Call to Lift Censorship

Journalists and former officials in China demand an end to media controls.
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A Chinese policeman controls the media outside jailed dissident Liu Xiaobo's apartment in Beijing, Oct. 8, 2010.
A Chinese policeman controls the media outside jailed dissident Liu Xiaobo's apartment in Beijing, Oct. 8, 2010.

HONG KONG—Hundreds of journalists and retired Communist Party officials have signed an open letter calling on China's parliament to put an end to government censorship of the media. The letter also demands legal backing to constitutional freedoms of speech and association.

The move comes as the government implements a clampdown on news and debate about the awarding of the 2010 Nobel Peace Prize to jailed dissident Liu Xiaobo.

Penned by Li Rui, a former secretary of late supreme leader Mao Zedong, and Party elder Hu Jiwei, along with 21 other authors, the letter was dated Oct. 1 and addressed to the National People's Congress (NPC), China's legislature.

"We recommend that the NPC work immediately towards the drafting of a Press Law, and that all [national and local] restrictions on news and publishing be annulled," said the letter, translated into English by the Hong Kong-based China Media Project.

It said media organizations should be allowed to give up their role as Party mouthpieces and take on independent responsibility.

"We cannot again strengthen the censorship system in the name of 'strengthening the leadership of the Party,'" it said.

"Yes, he signed it," said Li Rui's wife, who answered the phone at the couple's Beijing home. But she said her husband was unavailable for interview because of a heart condition.

The letter based its argument on Clause 35 of China's constitution, which guarantees freedom of speech, publication, association, and demonstration to all citizens.

In particular, it called for legal safeguards for journalists to protect them from attack or litigation in the course of their work, and for netizens to be allowed to express opinions freely online.

More signatures expected

The letter was signed by, among others, "Scars of the Past" magazine editor Tie Liu, who said its authors expect further signatures to be added.

"We addressed it directly to the NPC because we had 500 signatures," Tie said. "I think we could get as many as 10,000 people to sign."

Tie said the letter would be formally presented to the parliament ahead of its annual session in March.

"We are asking the authorities to make good on their promises, among other demands," he said, adding that around 70 percent of signatures were from people currently working in the media.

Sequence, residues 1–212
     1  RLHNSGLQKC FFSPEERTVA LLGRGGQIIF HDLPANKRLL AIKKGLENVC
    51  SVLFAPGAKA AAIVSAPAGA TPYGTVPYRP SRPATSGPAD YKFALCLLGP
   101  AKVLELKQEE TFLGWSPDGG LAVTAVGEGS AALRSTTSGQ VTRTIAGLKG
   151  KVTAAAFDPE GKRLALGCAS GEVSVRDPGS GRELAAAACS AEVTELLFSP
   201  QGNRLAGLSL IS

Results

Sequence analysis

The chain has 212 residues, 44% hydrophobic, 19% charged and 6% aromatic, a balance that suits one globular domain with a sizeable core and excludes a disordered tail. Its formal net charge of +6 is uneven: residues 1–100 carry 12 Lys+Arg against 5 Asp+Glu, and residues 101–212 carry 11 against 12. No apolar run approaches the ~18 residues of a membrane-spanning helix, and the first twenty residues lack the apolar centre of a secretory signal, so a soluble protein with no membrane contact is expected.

Fellow signatory Yu Haocheng said the time had now come to press for reforms to China's political system.

"This is part of the civil rights movement," Yu said. "Press freedom is a particularly hot topic at the moment."

Clampdown on Nobel mention

China has limited any mention of the award of the Nobel prize to Liu Xiaobo in official media and online in recent days, and has detained dozens of Liu's supporters around the country to prevent them from attending celebratory events.

Officials have slammed Liu's award as an insult both to the Nobel Peace Prize and to the Chinese legal system, as Liu is currently serving an 11-year jail term for "incitement to subvert state power."

"In suppressing the reaction to Liu's award, the authorities are hoping that there won't be a widespread reaction," said a former Chinese media worker surnamed He.

"They don't want there to be an uncontrollable reaction in the immediate aftermath of the award."

The Chinese authorities have recently forced a popular Internet discussion forum, or Bulletin Board System (BBS), to close through strong police pressure on the organizer.

Some journalists and activists using the microblogging service provided by top Chinese Web portal said they had been prevented from sending any updates in the wake of Liu's Nobel award on Friday.

China's 420 million Internet users are subjected to a complex system of filters, blocks, and censorship by service providers, known collectively as the "Great Firewall," or GFW.

The authorities use a system of "sensitive words" to weed out content that the government deems subversive, including in recent days the name "Liu Xiaobo" and the words "2010 Nobel Peace Prize."

Reported by Xin Yu for RFA's Mandarin service. Translated and written in English by Luisetta Mudie.





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